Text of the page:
National Human Rights Council verifies violations caused by Belo Monte
At request of MAB, a group of the National Human Rights Council were in Altamira last week to prove the allegations of rights violations that are occurring with the construction of the Belo Monte hydroelectric plant.
For three days, the board collected many testimonies of people affected, social movements, government agencies and the Norte Energia company, which owns the dam. The mission ended on Wednesday, June 3, with a public hearing in Altamira Convention Center. More than 500 people participated at the auditorium.
Public hearing with the national human rights
The board's mission comes at this moment in which 70% of the dam construction have been completed. Norte Energia is waiting at the moment to receive an operating license, which allows to fill the dam's lake and start its energy generation. "Due to the non-compliance of the conditions, I believe that the Council will recommend the government agencies to not grant an operating license to the company at this moment," said Darci Frigo, one of the board member.
Read the following interview with Frigo, in which he recounts some rights violations caused by Belo Monte
MAB's Communication: How did the coming of the Council to Altamira occur?
Darci Frigo: At the Work-group on People Affected by Dams of the National Human Rights Council we have received a request of MAB informing about the several human rights violations that is occurring against the people affected by Belo Monte. MAB informed about the exclusion of many families of the process of resettlement, compensation and even recognition as people affected by the dam. Besides, we also know that there is a process of criminalization of the organizations that struggle in defense of the people affected. After that, the Federal Public Ministry sent a letter calling on the Council to participate in an inspection, joining two agendas and made a proposal to the National Council, which approved a mission on an emergency basis to come to Altamira and its region to see in loco its situation.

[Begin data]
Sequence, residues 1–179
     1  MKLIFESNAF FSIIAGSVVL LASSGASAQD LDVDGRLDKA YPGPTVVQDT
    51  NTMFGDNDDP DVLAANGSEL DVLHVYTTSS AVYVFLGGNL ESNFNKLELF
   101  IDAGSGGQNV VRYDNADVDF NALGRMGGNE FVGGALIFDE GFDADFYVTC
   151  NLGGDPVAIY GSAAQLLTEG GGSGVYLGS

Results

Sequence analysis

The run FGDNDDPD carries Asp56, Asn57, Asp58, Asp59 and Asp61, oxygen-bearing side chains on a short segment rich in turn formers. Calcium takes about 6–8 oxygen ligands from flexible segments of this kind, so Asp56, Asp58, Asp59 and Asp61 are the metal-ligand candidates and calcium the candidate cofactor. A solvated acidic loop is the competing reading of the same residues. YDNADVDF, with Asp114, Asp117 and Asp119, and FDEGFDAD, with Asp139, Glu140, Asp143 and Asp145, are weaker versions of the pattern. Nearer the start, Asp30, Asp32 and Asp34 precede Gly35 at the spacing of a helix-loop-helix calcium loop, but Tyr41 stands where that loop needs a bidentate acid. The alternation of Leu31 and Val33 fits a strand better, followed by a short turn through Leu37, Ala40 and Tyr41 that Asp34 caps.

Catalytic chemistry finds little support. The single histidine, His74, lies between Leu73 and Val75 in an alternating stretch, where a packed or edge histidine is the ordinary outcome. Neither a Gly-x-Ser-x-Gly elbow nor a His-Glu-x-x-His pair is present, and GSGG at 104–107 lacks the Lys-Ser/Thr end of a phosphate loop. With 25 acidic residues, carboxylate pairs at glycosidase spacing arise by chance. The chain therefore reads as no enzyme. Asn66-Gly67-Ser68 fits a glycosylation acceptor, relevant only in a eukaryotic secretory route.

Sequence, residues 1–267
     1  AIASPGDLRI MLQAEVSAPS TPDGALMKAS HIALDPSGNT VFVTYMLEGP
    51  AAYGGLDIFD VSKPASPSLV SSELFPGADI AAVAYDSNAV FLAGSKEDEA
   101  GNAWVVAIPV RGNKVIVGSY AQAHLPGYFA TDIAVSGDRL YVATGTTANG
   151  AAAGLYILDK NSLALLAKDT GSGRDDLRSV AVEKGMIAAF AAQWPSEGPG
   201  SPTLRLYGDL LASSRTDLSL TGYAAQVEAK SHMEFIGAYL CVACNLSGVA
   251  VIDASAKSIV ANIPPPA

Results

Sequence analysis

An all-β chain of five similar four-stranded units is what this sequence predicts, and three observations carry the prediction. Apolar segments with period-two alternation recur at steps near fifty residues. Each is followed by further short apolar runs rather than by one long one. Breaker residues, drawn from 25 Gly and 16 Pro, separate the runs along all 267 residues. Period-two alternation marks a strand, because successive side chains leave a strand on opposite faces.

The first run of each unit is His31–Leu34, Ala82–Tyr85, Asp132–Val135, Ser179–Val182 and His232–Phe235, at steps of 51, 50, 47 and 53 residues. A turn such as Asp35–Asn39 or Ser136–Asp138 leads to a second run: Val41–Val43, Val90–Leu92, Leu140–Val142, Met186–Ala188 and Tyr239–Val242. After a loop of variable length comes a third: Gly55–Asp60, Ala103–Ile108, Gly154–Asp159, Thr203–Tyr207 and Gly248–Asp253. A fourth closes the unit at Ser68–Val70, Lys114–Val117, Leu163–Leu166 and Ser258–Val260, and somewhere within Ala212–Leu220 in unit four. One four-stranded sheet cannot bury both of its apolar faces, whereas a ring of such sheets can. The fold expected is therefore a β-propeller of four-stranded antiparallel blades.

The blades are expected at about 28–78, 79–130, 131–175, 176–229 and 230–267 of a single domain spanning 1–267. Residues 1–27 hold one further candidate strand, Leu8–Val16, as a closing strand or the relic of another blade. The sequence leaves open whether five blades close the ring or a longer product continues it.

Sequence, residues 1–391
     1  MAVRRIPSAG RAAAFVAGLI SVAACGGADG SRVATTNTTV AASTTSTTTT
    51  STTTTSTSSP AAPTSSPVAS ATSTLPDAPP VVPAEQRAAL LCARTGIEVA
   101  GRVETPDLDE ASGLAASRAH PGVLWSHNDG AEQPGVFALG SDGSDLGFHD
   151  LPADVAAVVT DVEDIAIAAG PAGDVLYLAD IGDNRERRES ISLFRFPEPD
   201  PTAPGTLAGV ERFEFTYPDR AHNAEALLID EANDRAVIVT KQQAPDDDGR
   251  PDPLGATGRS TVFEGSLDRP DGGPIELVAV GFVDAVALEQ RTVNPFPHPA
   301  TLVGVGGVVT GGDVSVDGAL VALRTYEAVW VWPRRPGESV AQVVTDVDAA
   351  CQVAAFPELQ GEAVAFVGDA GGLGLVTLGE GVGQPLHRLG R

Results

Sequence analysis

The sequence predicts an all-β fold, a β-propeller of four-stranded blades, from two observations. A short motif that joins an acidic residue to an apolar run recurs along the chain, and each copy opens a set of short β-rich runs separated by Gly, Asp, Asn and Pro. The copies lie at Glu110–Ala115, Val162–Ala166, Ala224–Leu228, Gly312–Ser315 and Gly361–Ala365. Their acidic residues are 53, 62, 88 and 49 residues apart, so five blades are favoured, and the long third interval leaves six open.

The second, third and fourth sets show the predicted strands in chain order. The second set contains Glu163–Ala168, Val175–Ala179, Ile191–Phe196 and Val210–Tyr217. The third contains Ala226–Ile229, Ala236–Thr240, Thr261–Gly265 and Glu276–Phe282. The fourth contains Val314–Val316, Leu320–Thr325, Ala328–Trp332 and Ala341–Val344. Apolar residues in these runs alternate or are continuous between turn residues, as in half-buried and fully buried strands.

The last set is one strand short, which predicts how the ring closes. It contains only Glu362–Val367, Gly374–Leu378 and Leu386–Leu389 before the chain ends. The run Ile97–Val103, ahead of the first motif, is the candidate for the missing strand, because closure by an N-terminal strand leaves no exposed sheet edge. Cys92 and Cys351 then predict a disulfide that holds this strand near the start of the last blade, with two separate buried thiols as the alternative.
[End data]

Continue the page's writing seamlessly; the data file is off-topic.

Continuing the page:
MAB: Why this emergency basis?
Frigo: Because Norte Energia have applied for the operating license, and we believe that if the license is granted at this moment, this will cause the eviction of fisher families, small farmers and riverine population that until this moment have not their rights repaired. Here at the public hearing we have been informed that there is already a countdown at the Norte Energia office and the foresight is that within 90 days the operation licence may be granted.
MAB: Which rights violations were you able to verify here?
Frigo: There are two main issues. One is that: many categories of people affected have not been included in the resettlement or compensation process. The problem of housing affects many people, not only those who are being removed, but also those affected by the high rents due to the construction. Those people that used to pay rent to live, have no longer where to live and that is why they make occupations. The second issue is that, we had imagined that the social investments which the company must fullfil would bring at least an improvement for the public structures, as the public health equipments, schools, security, leisure, sport, infrastructure. But what we have seen is the contrary, the company practically privatized the public hospital and the people do not have access to this hospital. We have received the denounce that there are resettlements being build without schools, heath care facilities, security and without public transport infra-structures. The health situation of indigenous people is very serious, before you had a facility that attended about 60 indigenous people which was well enough and now this same space have to attend more than 200 indigenous people. This means that the health conditions have debased. So our first conclusion is that these social investments have not ocurred in Altamira.